Osama bin Laden’s image — as mythological warrior, or as number-one-most-wanted outlaw — was the reason for his success and for his capture.

Peter Bergen, of all Western writers, has spent the most time considering that image and the man behind it. He was the last Westerner to interview him before 9/11, and previously authored The Osama bin Laden I Know, collecting his memories and those of other Bin Laden associates and relatives. He brings that knowledge to bear in Manhunt, beginning with a portrait of bin Laden’s retired life at Abbottabad. Bin Laden was richer than rich but often lived like an ascetic. He refused allopathic medicine but preserved the youthful black of his beard with Just for Men dye. Bergen shows him to be a serious man who makes no jokes, sticks rigorously to his version of Islam (however perverse), devotes himself to his family even when that means telling them not to join Al Qaeda.

The private Bin Laden, however ordinary or romantic, egotistical or self-effacing, created the public Bin Laden. He was a myth of a man who lived in caves like the Prophet Muhammad, appeared on T-shirts like Che Guevara or Mickey Mouse, and changed the course of history. He told, as Bergen writes, “a simple story about the world,” as Manichean as George W. Bush’s but reversed: America was evil, Islamic fundamentalists were good, and terrorism was the only way to restore the caliphate. Unlike KSM, within a few days of 9/11, everyone in America knew the name, face, and creed of Osama bin Laden. (Many knew as early as 1998, from the notoriety he attained after attacking American embassies in Tanzania and Kenya.)

The United States and Bin Laden locked in an epic manhunt for ten years, one that waxed and waned with political necessity but never stopped, one that Bergen argues began because of major miscalculations on both sides. The U.S. never imagined Bin Laden would escape rather than try to fight to the death in Tora Bora, Afghanistan. And Bin Laden never imagined the U.S. would attack with such force, since Bill Clinton only sent a few cruise missiles to East Africa, for which he was roundly criticized at home and abroad. Failing to find him, Bush tried to marginalize Bin Laden, focusing on the war in Iraq and the brutal branch of Al Qaeda that sprouted there after the fact. But Barack Obama, once he took office, asked his aides constantly about Bin Laden’s whereabouts. The manhunt began anew, Bergen writes, in part because Obama’s aides grew tired of reporting that they had no news.

The break in the hunt began, according to Bergen, with CIA agent Barbara Sude, famed in intelligence circles for writing the August 6, 2001 memo warning of an imminent attack by terrorists against the U.S. To find Bin Laden, she outlined the “four pillars,” perhaps more accurately called the four weak links, of what or who could give bin Laden up: couriers, family, communications, and media. (As Bergen notes in a fascinating aside, female analysts were considered by some at the CIA, including Bin Laden hunter and author Michael Scheuer, to excel at counterterrorism because they never ignored the importance of relationships.) Agents honed in on one courier, called the Kuwaiti, because Khalid Sheikh Mohammad and another high-value capture downplayed his importance. The courier never quite betrayed Bin Laden, but he did betray the compound.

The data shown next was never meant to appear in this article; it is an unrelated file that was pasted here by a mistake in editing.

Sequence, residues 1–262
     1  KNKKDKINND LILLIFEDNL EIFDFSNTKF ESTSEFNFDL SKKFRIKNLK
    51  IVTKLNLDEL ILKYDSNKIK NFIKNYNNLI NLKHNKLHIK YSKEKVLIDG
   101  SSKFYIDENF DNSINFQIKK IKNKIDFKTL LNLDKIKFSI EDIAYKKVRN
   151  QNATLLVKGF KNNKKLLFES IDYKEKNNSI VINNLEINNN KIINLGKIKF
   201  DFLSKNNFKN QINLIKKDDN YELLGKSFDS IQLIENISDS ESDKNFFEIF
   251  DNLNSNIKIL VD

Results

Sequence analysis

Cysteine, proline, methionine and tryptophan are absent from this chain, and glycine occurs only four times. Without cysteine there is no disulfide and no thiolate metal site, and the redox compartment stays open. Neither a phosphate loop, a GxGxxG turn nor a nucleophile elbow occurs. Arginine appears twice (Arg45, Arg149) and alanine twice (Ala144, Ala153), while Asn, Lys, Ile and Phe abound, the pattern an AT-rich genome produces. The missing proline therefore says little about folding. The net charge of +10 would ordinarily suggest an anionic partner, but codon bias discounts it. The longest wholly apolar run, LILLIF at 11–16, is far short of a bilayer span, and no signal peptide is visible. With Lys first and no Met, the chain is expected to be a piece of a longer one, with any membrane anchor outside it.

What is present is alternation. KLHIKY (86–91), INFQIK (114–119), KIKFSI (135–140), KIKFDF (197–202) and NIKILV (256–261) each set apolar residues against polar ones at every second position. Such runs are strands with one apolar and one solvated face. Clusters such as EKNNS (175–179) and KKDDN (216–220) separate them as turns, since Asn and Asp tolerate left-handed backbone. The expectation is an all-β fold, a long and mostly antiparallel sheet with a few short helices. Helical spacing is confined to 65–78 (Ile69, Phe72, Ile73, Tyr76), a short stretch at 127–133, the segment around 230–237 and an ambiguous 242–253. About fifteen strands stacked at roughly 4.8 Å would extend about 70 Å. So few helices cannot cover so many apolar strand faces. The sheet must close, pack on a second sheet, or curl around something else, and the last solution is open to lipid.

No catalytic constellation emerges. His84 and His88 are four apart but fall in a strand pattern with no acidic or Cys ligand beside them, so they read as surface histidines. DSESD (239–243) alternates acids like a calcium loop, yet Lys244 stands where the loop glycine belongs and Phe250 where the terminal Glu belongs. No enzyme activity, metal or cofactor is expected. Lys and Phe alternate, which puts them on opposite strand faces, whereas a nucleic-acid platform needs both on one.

The Abbottabad house where Bin Laden spent his final days lacked comfort but boasted security: barbed wire, cameras, access only by a single dirt road, a garden covered by tarp to evade the eyes of satellites, and only the narrowest and highest of visible windows. Each day, Bin Laden delivered an address to his four wives and several children. (Bergen offers rather intriguing, if tangential, profiles of the four wives.) No one but the Kuwaiti ever seemed to ever leave. The compound was so vast and obviously expensive, outfitted for such intense security, that agents couldn’t help but think the man who walked the garden each day, “ the pacer,” was Osama bin Laden.

Leon Panetta asked agents to think of every possible way to breach the compound — including a morally questionable, never fulfilled fake vaccination program. (The doctor who headed it is now controversially being charged with treason in his native Pakistan.) But he also sought every possible explanation for who else could live in the compound because it made little sense that Bin Laden would hide in such plain sight, unless he imagined he was no longer being sought. Bergen does not speculate whether this was the case except to posit the compound as a retirement home in his first chapter.